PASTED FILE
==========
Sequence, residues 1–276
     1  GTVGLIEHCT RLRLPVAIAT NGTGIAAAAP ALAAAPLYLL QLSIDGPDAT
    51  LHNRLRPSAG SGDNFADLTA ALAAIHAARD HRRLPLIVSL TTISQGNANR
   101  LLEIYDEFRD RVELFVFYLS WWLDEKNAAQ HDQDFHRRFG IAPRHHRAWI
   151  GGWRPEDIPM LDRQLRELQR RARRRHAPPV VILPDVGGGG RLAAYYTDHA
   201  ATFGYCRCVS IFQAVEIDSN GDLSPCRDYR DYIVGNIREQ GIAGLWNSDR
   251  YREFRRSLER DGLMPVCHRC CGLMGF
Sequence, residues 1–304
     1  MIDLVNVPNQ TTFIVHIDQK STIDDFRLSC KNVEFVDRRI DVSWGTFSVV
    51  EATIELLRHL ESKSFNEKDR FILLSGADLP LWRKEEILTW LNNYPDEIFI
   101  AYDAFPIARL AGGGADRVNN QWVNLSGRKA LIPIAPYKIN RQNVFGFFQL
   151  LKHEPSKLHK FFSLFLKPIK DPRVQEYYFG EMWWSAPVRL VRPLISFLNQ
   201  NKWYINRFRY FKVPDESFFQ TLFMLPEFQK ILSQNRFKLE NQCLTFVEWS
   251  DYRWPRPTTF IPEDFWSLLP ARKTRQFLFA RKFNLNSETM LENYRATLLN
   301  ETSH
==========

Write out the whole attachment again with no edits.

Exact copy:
Sequence, residues 1–276
     1  GTVGLIEHCT RLRLPVAIAT NGTGIAAAAP ALAAAPLYLL QLSIDGPDAT
    51  LHNRLRPSAG SGDNFADLTA ALAAIHAARD HRRLPLIVSL TTISQGNANR
   101  LLEIYDEFRD RVELFVFYLS WWLDEKNAAQ HDQDFHRRFG IAPRHHRAWI
   151  GGWRPEDIPM LDRQLRELQR RARRRHAPPV VILPDVGGGG RLAAYYTDHA
   201  ATFGYCRCVS IFQAVEIDSN GDLSPCRDYR DYIVGNIREQ GIAGLWNSDR
   251  YREFRRSLER DGLMPVCHRC CGLMGF
Sequence, residues 1–304
     1  MIDLVNVPNQ TTFIVHIDQK STIDDFRLSC KNVEFVDRRI DVSWGTFSVV
    51  EATIELLRHL ESKSFNEKDR FILLSGADLP LWRKEEILTW LNNYPDEIFI
   101  AYDAFPIARL AGGGADRVNN QWVNLSGRKA LIPIAPYKIN RQNVFGFFQL
   151  LKHEPSKLHK FFSLFLKPIK DPRVQEYYFG EMWWSAPVRL VRPLISFLNQ
   201  NKWYINRFRY FKVPDESFFQ TLFMLPEFQK ILSQNRFKLE NQCLTFVEWS
   251  DYRWPRPTTF IPEDFWSLLP ARKTRQFLFA RKFNLNSETM LENYRATLLN
   301  ETSH